Mayor addresses Edmonds' new street safety goals
Last updated 5/12/2022 at 10:41am
Mayor Mike Nelson on Wednesday spoke about adding more sidewalks and working to make Edmonds streets safer for pedestrians, specifically children.
He told about plans to provide more funding to the pedestrian safety fund, build more sidewalks, and create more education around street safety. The announcement was in response to a teenager and child being hit while crossing 220th Street SW in late April.
"The city of Edmonds is committed to eliminating all traffic fatalities and severe injuries, while increasing the safe and healthy and equitable travel for all," Nelson said at a news conference at Sherwood Elementary School.
Streets make up 77% of Edmonds public space, Nelson said. Currently though, about half of Edmonds' streets lack sidewalks. Nelson said he is committed to redesigning streets to put pedestrian safety first.
Edmonds' approach to working on this will be multifaceted. One component will be education, with a focus on education for drivers. There are also plans to partner with Edmonds schools on bike and pedestrian safety.
City departments will form a Complete Street Steering Committee to check every capital project for how they will optimize pedestrian safety. The committee will review collision reports quarterly. The data collected through all of these projects will be published on a safe streets dashboard online.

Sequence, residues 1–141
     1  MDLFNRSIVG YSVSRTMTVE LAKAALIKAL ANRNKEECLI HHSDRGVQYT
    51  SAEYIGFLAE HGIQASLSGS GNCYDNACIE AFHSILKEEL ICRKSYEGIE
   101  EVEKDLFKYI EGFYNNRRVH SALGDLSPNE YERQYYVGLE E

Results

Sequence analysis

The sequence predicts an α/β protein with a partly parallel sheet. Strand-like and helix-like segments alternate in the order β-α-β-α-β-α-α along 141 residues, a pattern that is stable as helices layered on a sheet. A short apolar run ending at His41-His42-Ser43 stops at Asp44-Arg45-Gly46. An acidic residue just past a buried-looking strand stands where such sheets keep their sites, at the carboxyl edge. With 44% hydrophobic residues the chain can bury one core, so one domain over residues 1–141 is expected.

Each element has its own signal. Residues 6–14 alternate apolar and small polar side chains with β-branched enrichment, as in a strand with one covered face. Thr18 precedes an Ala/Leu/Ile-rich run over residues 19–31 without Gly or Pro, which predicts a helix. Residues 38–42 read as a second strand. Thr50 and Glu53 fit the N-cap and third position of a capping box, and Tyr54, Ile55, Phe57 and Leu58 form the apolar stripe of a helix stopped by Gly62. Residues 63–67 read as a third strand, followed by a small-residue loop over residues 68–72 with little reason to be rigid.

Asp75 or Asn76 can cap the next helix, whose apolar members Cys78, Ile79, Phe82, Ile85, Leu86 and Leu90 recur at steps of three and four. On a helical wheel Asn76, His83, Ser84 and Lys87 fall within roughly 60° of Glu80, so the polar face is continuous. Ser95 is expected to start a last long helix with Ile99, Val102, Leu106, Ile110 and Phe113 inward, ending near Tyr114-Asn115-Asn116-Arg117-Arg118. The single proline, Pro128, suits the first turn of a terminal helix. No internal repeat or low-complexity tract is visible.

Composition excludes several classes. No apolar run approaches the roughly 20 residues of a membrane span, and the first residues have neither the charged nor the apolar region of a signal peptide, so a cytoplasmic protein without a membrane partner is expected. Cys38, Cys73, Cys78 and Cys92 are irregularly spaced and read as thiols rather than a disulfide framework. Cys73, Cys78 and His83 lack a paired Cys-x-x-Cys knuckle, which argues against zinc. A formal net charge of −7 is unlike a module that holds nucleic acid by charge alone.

One proposed project is to make a City code that requires sidewalk construction for private development, Nelson said. This would contribute to the city's goal of more sidewalks in town.
At 220th Street SW, where the children were hit (the both were OK), the mayor hopes to install rapid flashlight beacons to help pedestrians safely cross. The city also hopes to install some landscape medians before that intersection. The media will protect people while also slowing down vehicles, Nelson said.
The city will also implement school zone speeding cameras. The money gathered from use of these cameras will fund additional safety improvements for pedestrians, Nelson said.
Assistant Chief of Police Rod Sniffen spoke in support of the school zone cameras.
"It's going to help us address the complaints and change driver behavior," he said.
The goal is to see 20% more people walking in neighborhood districts, director of Planning and Development Susan McLaughlin said.
Specific neighborhood districts will be chosen and tested annually to look for this increase.
"Our streets," said Nelson, "need to be designed to balance the needs of all users, and prioritize especially the ones that are most vulnerable."